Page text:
Over the last three years, we have directed our resources to capacity-building in a particular community of organizations serving immigrants and refugees. This community is of interest to the Foundation for a number of reasons including the fact that in large urban centres of Canada, immigrants and refugees, and particularly racial minorities, are over-represented in the poverty statistics. Yet we know how important this community will be to the future prosperity of Canada. In just a decade, the Canadian labour market will be even more dependent on immigration but the lack of recognition for immigrant qualifications takes a heavy toll on the economy—estimated at between four and six billion dollars. How well we manage this resource will have a direct impact on all our lives and the lives of future generations so it is not just a social justice imperative to resolve this problem; it is also an economic necessity. Unfortunately, the sector that provides essential services to immigrants and refugees is in disarray. It is governed not so much by its mission and values, as it is by shifts in government policy. It is, therefore, not uncommon for organizations to engage in activities that have little to do with their missions. Programs and priorities shift as often as government policies. The term “mission-drift” seems to have been invented to describe this sector.
Our solution to this problem is an increasingly focused investment in the capacity of local communities and organizations. As relative newcomers to this grantmaking strategy, we have intentionally developed a wide net of strategies so as to learn through action. For example, we are testing five different approaches to achieve our objective of preparing immigrants and their civil society organizations to understand and respond to changes around them.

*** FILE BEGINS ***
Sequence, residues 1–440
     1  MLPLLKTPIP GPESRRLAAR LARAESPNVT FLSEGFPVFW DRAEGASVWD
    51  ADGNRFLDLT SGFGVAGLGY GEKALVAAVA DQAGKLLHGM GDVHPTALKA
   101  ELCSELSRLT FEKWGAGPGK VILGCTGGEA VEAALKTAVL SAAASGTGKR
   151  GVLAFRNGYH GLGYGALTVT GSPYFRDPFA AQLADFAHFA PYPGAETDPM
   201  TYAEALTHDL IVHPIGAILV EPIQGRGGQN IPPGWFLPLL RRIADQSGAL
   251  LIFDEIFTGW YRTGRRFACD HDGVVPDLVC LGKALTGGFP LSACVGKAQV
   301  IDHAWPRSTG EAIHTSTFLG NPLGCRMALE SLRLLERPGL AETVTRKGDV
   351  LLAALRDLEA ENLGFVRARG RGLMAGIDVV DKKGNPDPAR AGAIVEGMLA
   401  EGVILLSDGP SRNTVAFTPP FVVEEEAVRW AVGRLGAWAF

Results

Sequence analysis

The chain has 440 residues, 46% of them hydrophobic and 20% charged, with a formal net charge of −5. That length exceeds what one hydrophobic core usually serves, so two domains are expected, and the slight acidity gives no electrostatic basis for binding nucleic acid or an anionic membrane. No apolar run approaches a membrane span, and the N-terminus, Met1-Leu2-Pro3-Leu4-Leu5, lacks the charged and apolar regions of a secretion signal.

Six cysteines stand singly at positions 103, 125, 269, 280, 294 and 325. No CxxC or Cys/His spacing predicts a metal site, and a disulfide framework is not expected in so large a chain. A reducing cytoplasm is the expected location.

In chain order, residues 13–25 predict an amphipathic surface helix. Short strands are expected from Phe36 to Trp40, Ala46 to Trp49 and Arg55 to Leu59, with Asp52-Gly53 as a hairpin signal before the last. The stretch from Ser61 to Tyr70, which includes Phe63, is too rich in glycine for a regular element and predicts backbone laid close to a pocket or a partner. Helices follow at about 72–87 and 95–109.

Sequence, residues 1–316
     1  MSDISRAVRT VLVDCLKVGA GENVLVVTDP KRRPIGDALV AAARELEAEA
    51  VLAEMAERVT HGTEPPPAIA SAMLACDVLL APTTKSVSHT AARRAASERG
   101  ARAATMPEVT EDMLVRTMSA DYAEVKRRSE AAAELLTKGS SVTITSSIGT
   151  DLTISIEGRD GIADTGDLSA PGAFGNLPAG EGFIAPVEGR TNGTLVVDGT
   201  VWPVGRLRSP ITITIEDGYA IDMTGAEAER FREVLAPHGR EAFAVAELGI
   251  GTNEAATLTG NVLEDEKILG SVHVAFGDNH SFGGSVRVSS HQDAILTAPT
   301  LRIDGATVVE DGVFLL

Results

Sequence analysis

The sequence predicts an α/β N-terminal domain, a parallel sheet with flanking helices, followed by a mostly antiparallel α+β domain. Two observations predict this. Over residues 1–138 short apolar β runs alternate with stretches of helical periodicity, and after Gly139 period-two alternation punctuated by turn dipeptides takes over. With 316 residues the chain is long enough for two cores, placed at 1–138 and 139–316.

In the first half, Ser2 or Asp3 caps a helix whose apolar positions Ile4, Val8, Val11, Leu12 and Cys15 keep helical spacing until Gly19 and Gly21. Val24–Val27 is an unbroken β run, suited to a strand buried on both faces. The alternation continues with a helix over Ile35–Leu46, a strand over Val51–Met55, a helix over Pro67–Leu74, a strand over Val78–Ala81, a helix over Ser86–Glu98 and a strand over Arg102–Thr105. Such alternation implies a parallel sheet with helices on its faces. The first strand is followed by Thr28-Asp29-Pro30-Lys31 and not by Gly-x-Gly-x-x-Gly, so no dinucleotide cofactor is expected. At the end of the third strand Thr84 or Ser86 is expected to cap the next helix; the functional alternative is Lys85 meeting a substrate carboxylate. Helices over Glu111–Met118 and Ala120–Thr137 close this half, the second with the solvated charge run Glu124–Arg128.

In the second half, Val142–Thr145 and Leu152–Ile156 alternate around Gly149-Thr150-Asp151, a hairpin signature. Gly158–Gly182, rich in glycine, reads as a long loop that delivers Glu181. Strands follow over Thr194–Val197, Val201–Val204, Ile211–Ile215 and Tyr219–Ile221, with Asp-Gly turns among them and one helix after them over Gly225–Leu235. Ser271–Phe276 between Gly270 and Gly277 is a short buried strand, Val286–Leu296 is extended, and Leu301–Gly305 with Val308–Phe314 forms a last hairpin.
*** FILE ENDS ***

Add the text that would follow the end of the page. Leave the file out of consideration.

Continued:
First, we believe that it is important to add to, and amplify, the voice of immigrants and refugees in discussions on public policy that are relevant to their lives. Funding from the Foundation allows immigrants and refugees to participate in a variety of ways in such discussions. For example, a 1500-member-strong Association of Internationally Trained Physicians and Surgeons of Ontario is actively developing policy alternatives to help address the physician shortage in Ontario.
Second, we invest in emerging leadership in the “immigrant community”. A Foundation program for leaders identifies and champions those who have the potential to exercise leadership in their communities and in the city of Toronto. Through this initiative, new and innovative solutions to local problems are being developed.
Third, we believe that it is essential to engage newcomer communities in the larger democracy. Civic participation is possibly the final and possibly most meaningful benchmark of successful settlement in Toronto, so immigrant parents are learning how to involve themselves in public education and take part in discussion and decision making that goes beyond the needs of their own children.
Fourth, we believe that it is imperative to invest in the professionals who work with immigrants and refugees and that it is imperative to provide them with top quality training. With the Foundation’s assistance, emerging managers and executive directors receive management training at York University’s Schulich School of Business and employment counsellors receive certificate training at George Brown College.
Finally, we recognize that civil society organizations play an essential role in the provision of services to our target community. A grants program in collaboration with the United Way of Greater Toronto and the Trillium Foundation is increasing the capacity of immigrant-serving agencies in Toronto incrementally to develop essential systems, processes and capacities.